not all who wander are lost.

Sunday, December 26, 2010


This is a traditional Mongolian Yurt. Similar to the North American Medicine Wheel or Navajo Hogan, the door opens to the South, and the sacred space is North, opposite the door.

I want a Yurt.

Yep, you heard me, a Yurt.

It breaks my heart to tell you, but my beloved Yoga Swami's YURT in Encinitas has been dismantled. It apparently didn't meet the building "code", so they ruined it. This was a holy place as far as I'm concerned. When you walked in, you felt something special pulse through your whole body. A sacred place, a safe place, to practice your devotion through yoga, surrounded by a spectacular group of people. Well, this morning when my parents and I were having coffee my mom was talking to my dad about his recovery - and how they needed to get back on track. The temptations of the Holidays were more than any of us could resist - completely indulging in the pleasures of food and drink. My mom told my father that starting soon they were going to start doing Tai Chi again, and nice light well, live well. Then she said, "We need a Yurt!" My eyes lit up, I couldn't agree more!!! Afterall, my dad has a HUGE garage to play in...we needed something for us! I have tried to stick with a daily practice of yoga and meditation, but it is so difficult! Our home has very little 'free space' in it - and though meditation and yoga is more about where you are mentally as opposed to physically - well, it is simply much easier clear your mind in a wide open space. So now, I'm pushing for a practice yoga, tai chi, and meditation - in our back yard. Right next to my Dad's garage. For those of you who have never experienced the simplicity and beauty of a Yurt, well - I promise to invite you over once I have Mine!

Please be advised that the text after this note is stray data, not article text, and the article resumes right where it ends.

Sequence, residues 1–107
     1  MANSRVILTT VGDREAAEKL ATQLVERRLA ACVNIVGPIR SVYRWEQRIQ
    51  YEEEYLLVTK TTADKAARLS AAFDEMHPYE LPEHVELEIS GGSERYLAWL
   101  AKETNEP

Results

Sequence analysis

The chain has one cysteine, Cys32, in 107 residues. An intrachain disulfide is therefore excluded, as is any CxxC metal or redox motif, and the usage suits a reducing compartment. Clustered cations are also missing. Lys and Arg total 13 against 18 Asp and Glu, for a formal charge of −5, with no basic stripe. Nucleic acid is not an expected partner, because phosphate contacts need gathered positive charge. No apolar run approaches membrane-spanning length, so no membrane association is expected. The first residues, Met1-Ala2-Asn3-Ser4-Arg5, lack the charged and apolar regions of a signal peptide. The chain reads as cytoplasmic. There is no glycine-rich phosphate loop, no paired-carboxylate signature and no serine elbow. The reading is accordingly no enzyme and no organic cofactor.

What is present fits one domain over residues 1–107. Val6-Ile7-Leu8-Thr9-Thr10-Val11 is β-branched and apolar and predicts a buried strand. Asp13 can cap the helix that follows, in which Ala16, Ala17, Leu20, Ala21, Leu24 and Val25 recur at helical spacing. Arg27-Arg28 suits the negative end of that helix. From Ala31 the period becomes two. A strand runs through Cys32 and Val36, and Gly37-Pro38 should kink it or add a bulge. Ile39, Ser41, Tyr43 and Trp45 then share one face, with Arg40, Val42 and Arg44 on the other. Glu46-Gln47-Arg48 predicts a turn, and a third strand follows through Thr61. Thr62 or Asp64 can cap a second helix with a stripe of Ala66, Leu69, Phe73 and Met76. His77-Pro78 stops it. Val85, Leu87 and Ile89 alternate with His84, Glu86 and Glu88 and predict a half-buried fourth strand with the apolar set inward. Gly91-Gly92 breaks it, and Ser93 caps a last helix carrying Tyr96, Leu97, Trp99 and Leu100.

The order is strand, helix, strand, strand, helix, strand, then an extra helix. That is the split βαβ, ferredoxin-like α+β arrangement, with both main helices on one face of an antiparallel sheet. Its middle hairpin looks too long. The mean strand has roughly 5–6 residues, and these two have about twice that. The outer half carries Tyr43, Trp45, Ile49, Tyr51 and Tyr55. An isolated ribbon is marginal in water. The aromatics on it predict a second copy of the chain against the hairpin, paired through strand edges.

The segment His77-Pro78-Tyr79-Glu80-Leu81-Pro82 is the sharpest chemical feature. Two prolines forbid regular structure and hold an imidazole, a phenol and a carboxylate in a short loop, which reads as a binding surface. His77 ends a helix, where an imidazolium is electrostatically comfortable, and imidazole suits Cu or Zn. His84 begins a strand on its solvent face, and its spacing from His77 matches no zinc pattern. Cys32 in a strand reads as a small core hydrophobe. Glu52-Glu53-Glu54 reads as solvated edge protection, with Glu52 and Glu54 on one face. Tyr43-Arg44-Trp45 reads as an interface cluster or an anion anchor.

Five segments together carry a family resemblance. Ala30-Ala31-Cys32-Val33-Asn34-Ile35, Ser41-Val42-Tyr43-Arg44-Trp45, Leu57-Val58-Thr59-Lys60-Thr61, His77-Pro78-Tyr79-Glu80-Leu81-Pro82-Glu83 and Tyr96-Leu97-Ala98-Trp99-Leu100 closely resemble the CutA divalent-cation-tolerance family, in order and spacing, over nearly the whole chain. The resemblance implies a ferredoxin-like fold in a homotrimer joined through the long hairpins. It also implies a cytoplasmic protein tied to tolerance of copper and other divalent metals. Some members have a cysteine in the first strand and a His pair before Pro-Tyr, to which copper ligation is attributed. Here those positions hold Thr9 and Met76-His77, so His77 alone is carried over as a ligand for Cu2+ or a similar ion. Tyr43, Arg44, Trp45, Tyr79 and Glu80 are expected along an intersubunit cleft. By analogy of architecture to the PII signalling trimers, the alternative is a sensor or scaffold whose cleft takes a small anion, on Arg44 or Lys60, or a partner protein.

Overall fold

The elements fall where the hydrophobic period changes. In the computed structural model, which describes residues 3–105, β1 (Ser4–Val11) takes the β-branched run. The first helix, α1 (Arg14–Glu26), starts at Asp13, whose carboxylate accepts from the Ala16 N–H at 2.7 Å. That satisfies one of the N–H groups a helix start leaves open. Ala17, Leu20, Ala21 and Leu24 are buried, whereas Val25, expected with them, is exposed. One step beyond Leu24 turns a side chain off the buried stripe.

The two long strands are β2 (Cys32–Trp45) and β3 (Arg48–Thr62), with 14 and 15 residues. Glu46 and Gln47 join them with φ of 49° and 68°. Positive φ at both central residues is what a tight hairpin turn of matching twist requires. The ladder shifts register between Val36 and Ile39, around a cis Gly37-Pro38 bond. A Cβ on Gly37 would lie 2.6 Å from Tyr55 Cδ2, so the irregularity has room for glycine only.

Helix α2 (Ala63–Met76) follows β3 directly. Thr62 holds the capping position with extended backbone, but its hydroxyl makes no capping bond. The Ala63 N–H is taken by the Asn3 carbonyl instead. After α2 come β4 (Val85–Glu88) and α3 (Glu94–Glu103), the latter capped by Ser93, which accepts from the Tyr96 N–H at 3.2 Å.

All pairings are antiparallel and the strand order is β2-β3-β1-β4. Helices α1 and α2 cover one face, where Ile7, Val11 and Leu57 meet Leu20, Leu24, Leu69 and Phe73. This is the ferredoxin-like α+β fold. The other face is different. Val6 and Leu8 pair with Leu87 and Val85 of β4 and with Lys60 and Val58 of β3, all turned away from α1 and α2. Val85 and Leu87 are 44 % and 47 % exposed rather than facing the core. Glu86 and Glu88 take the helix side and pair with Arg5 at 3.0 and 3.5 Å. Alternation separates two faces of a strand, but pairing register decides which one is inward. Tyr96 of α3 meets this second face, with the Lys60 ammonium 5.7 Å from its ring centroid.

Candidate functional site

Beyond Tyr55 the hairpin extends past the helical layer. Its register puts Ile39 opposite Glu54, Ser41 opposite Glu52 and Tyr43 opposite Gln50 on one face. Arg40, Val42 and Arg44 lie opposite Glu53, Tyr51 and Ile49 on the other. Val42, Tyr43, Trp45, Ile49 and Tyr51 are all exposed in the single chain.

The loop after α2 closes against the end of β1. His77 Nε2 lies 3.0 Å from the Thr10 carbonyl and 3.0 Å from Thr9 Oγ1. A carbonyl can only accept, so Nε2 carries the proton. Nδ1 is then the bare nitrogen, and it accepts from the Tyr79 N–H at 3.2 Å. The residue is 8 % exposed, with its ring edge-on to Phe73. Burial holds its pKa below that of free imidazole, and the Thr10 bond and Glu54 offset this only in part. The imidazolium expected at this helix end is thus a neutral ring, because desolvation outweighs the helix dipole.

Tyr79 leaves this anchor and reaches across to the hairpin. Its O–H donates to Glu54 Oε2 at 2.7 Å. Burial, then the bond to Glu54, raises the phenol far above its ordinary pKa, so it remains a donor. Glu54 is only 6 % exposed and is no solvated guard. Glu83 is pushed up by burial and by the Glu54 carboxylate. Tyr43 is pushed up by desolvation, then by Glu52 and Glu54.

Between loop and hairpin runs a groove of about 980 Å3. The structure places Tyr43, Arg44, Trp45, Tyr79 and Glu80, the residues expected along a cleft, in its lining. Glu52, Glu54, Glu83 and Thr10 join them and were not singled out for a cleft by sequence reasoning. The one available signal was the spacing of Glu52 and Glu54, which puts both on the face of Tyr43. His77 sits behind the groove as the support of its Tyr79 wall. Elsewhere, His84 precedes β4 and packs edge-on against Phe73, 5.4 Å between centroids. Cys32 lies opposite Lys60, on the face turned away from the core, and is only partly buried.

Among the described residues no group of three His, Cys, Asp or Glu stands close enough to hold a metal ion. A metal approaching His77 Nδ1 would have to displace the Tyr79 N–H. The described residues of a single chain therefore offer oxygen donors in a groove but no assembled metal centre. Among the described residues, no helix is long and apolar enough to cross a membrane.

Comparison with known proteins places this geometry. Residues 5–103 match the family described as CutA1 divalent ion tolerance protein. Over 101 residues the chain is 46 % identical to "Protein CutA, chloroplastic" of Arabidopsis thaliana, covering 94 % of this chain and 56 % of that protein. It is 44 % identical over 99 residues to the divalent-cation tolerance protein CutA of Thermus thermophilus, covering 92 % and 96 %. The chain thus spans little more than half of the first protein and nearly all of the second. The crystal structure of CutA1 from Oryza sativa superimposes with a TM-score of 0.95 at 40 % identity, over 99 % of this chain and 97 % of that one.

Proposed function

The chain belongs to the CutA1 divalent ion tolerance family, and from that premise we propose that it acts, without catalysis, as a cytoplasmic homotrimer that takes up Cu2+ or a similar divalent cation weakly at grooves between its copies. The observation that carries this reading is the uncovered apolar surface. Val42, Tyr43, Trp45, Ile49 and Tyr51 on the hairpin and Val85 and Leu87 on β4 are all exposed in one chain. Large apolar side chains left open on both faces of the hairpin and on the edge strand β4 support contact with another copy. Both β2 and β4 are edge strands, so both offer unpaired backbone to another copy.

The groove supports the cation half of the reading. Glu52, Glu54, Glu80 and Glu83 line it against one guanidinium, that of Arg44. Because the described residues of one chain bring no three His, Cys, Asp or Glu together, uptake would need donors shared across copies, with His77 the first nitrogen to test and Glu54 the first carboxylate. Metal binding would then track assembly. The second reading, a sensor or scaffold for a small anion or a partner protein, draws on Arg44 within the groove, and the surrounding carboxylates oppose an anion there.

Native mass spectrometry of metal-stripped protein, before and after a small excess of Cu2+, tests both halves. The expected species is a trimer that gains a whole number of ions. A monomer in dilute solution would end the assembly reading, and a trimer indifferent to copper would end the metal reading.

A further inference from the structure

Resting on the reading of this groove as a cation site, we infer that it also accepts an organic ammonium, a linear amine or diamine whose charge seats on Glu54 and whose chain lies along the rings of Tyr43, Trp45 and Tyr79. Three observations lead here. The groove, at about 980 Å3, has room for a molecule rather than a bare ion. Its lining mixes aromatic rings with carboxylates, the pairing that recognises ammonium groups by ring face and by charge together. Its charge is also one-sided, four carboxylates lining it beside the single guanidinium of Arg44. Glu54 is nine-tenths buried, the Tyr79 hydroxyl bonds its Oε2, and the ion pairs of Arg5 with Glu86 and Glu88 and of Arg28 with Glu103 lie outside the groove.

Yoga Swami's Yurt: no more :(
A bit about YURTS:

A yurt (üi or kiz üi in Kazakh, ger in Mongolian) is a portable, felt-covered, wood lattice-framed dwelling structure traditionally used by nomads in the steppes of Central Asia. A yurt is more home-like than a tent in shape and build, with thicker walls.

Some yurts are used for living.
Yurts for YOU and ME:

One of the most interesting recent innovations is the exceptionally portable camping or backyard yurt, developed by GoYurt Shelters and Rainier Yurts. These yurts come with a ground cloth and can be put up by two people in about an hour. GoYurt Shelters has an additional focus on sustainable materials like FSC certfied wood, natural canvas and non-toxic finishes.

Fabric yurts work especially well for modern nomads and people in transition. Typical of nomadic shelters, they use minimal materials and are light on the land, combining environmental sustainability with a high degree of comfort. Building the wooden deck takes carpentry skills and a week or two to complete, but putting up the yurt itself takes less than a day, or two days for a 30' yurt.

After some research, this website really seems to have it all:

No comments:

Post a Comment